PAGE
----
As we know, with few exceptions, a C++ compiler instantiates a template whenever it is specialised, and the template definitions are available (see the ISO C++ standard paragraph 14.7.1). In our code, the template definitions are in the header file so the template definitions are always available. This means that each cpp file that uses the template will contain instantiated definitions of the static object in the compiled object file. When object files are linked, the linker notices that there are many definitions of a single symbol and it merges all definitions into a single definition. Such symbols are marked in the object file as “weak”, so that the linker will unify multiple definitions instead of complaining about a multiply-defined symbol. A counter example of a “strong” symbol is a non-inline function definition; here the linker would give an error if it came across a duplicate definition.
When these definitions all occur in a single monolithic binary, there are no problems. This is shown by the following example, where we introduce a singleton class that we implement via our
GenericSingleton template. If the implementation works correctly then this object will be constructed and destructed only once. To test our singleton we add two further cpp files containing code that uses the resulting singleton, and a further cpp containing the main function. In our initial test, we run it as a monolithic binary and we expect that only a single singleton object will be constructed – see Figure 1.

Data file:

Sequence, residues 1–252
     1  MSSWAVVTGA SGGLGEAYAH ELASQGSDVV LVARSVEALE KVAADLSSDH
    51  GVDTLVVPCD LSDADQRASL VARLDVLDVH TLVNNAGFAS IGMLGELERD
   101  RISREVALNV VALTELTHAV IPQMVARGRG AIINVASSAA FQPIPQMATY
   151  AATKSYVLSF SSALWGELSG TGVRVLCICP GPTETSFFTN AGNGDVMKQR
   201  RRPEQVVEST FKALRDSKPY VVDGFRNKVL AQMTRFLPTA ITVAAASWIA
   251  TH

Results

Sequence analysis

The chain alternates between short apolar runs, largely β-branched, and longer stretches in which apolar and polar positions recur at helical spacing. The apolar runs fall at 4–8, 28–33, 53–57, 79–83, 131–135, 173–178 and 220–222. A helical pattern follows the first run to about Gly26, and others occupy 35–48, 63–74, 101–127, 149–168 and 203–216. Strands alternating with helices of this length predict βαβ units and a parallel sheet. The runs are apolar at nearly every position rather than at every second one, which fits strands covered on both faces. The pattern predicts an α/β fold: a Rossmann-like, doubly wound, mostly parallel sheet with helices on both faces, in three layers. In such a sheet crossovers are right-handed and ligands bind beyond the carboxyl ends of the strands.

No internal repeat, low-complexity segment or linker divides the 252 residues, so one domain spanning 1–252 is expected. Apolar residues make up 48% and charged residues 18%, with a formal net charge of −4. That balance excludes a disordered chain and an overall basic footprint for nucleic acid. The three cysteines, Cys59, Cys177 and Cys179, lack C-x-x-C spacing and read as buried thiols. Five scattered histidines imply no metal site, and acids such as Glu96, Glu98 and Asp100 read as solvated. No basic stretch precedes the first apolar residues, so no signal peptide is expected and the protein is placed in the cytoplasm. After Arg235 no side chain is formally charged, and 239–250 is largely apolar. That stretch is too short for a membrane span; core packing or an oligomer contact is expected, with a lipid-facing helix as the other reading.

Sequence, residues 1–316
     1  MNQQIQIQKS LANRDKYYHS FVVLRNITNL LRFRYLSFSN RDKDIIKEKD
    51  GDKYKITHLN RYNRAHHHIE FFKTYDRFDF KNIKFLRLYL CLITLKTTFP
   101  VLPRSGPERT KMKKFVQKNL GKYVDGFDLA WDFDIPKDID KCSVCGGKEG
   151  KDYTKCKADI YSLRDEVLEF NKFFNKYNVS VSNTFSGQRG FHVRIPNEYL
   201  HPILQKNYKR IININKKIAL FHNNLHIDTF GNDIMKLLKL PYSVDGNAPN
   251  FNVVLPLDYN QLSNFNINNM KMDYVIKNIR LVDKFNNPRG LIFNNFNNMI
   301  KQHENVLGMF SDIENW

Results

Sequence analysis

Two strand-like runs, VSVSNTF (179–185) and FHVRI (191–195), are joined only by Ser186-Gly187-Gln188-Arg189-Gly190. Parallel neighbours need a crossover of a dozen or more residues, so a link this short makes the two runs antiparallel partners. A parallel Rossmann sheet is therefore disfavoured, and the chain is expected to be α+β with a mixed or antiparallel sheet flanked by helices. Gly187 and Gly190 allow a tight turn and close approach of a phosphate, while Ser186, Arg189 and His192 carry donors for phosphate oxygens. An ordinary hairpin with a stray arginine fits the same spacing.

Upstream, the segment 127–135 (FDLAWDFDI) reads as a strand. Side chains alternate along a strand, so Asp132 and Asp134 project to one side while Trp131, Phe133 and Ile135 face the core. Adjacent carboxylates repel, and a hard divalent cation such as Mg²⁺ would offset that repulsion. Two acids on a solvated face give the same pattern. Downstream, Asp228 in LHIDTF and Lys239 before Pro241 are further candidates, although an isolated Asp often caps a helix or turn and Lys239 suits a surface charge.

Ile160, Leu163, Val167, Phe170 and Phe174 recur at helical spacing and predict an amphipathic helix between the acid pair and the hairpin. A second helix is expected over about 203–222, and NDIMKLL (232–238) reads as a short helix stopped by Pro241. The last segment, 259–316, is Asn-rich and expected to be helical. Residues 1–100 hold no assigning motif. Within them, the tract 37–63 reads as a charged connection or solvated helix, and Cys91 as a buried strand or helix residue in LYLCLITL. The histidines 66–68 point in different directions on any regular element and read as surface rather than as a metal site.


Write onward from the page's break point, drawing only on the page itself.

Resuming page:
The above is the case where our binary is linked monolithically, using only static libraries and everything works. Now, imagine a scenario where your manager wants to decompose the project, so that different project teams can be responsible for their own dynamic library, so that development can occur in parallel, so that functionalities can be unit tested without rebuilding everything - and for all the other reasons that motivate people to use dynamic libraries. This manager, like lots of people, comes from a planet where an application can be built interchangeably, either statically or dynamically, with no difference in behaviour.
I’m sure we’d all like to come from this programmer’s paradise too, but until we can find a way to move there, maybe we’ll have to support our user base here on Earth with its less than perfect operating systems. So, what will happen when we take our simple program and change it from a monolithic binary into a set of dynamically-linked components?